Political and financial leaders have often counted on the construction sector
to revive growth. But these stimulus policies are not without repercussions, as demonstrated by the property bubble seen in many countries over the period 2000-2010.
“These economic policies often come at a high cost. Today, it is becoming difficult to implement them because of government debt and consumer financing conditions,
” says Ludovic Subran, chief economist at Euler Hermes
. “The sudden withdrawal of stimulus policies is being felt in all developed countries and is especially acute in southern European countries. These trends facilitate a shift in the centre of gravity of the construction sector towards emerging countries, where growth prospects are far brighter. French companies that have no access to these markets will remain highly vulnerable in 2012 and 2013.”
A host of difficult conditions
Government debt and unfavourable economic growth forecasts in developed countries are compounded by:
- Rising household mortgage debt ratios (85% of GDP in the UK and 76.5% in the US this year, for example)
- Loan terms that cannot be extended much further, up to 50 years in Spain
- The average term is 17 years in France, but 16% of current mortgages are for periods of between 25 and 30 years
- Slower growth in incomes than in property prices in most countries since 2000.
In this difficult economic context, construction sector companies are also facing a decline in profitability. While the margins of the leading European and US groups remain higher than those of Asian groups, they are being steadily eroded year after year. European groups have seen margins fall by 1.4 points in two years. Those of French companies are expected to decrease to 3.4% of sales in 2012.
“The fabric of the French construction sector, which consists primarily of small companies, is fragile. Some companies are not financially solid enough to withstand stagnating activity, price strains and high raw material costs. As a result, company insolvencies, already very high in 2011, will continue rising in 2012. We forecast 15,000 company insolvencies in the sector this year in France,” concludes Didier Moizo, sector advisor at Euler Hermes.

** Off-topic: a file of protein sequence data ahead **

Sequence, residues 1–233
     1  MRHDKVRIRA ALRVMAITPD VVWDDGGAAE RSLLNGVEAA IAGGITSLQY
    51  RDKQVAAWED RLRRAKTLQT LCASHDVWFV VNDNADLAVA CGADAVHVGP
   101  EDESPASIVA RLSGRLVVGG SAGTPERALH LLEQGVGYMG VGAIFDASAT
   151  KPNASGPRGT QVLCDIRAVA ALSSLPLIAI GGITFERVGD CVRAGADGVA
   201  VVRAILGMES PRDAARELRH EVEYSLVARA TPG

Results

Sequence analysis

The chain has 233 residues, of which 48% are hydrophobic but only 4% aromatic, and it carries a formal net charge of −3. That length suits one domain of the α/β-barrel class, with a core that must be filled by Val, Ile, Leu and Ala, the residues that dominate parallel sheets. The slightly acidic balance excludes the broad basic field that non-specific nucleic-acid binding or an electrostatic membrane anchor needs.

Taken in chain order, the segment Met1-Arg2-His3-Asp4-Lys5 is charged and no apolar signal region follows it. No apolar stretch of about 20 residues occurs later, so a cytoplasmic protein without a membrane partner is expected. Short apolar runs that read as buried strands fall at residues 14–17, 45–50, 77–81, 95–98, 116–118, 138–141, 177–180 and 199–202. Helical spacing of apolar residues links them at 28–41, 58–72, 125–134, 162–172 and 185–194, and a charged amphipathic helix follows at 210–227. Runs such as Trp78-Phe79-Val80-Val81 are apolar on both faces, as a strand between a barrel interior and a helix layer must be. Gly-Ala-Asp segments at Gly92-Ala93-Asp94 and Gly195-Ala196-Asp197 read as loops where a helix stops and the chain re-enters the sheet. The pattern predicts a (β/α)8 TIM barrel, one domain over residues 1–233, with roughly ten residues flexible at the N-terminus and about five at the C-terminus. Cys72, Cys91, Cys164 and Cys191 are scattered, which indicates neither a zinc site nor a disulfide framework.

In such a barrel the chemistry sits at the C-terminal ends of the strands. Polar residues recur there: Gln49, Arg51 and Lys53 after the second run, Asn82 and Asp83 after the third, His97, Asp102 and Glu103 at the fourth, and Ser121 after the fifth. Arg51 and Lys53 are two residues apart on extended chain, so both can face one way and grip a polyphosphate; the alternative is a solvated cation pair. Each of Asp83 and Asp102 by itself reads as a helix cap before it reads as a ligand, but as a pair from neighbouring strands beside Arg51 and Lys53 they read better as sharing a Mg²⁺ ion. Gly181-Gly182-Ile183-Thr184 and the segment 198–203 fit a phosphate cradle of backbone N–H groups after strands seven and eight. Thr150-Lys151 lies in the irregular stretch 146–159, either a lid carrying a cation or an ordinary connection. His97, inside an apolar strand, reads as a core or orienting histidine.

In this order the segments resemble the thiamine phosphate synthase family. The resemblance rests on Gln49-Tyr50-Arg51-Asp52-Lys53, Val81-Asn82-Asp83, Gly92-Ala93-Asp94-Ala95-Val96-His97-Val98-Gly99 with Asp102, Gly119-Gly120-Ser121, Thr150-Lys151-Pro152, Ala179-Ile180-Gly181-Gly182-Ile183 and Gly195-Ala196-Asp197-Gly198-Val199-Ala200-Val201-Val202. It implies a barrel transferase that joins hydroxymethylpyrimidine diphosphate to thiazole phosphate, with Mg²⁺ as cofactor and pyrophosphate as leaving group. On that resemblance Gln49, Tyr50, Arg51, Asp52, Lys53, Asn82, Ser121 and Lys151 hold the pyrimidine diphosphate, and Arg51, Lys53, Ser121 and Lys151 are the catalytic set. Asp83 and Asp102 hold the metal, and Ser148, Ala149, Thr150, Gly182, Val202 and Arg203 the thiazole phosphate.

Slight improvement in 2012
However, despite an unfavourable backdrop, the construction sector activity index (in volume) is forecast to increase by 2% at the global level in 2012 due to the dynamism of emerging countries (China +8.9%, India +6.7%, Brazil +6.6%). In the euro zone, in contrast, the index is expected to fall (-1.2%), impacted in large part by Mediterranean countries (-2.6% in Greece and -4.5% in Spain), where the bursting of the property bubble has left lasting traces. Other European countries are still expected to see improvements, albeit modest ones: France +0.2%, UK +0.4% and Germany +0.7%.
The US is set to confirm its gradual recovery from the crisis with a projected increase in its index of 1.8% in 2012.
The driver: Emerging countries
The ramp-up of emerging countries, which have substantial infrastructure, equipment and housing needs, appears to be the construction sector's principal growth driver. For example, the deficit of homes is estimated at 24 million in India, and 10 million in Brazil where a large portion of urban areas need rebuilding.
“Much less indebted than developed countries, governments in these countries have the means to finance large infrastructure projects. They can also provide extensive support for the construction of new homes, which has become indispensable because of accelerating urbanisation,” explains Ludovic Subran. “These countries can count on solid growth in the years ahead, but their per capita GDP remains low. Moreover, home prices are tending to increase more rapidly than household incomes. Access to credit and income growth are thus crucial for growth in the housing construction market.”
Growth opportunities for the sector
In addition to the momentum of emerging countries, there are other significant growth opportunities for the construction sector.
- The application of environmental standards aimed at reducing CO2 emissions and improving the energy efficiency of buildings. This market is potentially worth $550 billion, considering a LEED building is 15% more costly.
- Renovating existing buildings. Some 80% of buildings do not comply with environmental standards, and the existing base in some countries is in a very poor state (75% of existing buildings in Russia and 40% in Poland).
- Construction of commercial and administrative offices is picking up again in Western Europe: +7% in the first quarter of 2012.
- External events can help stimulate construction, such as the football World Cup in 2014 and the Olympic Games in 2016 in Brazil, and the 2014 Winter Olympics in Russia
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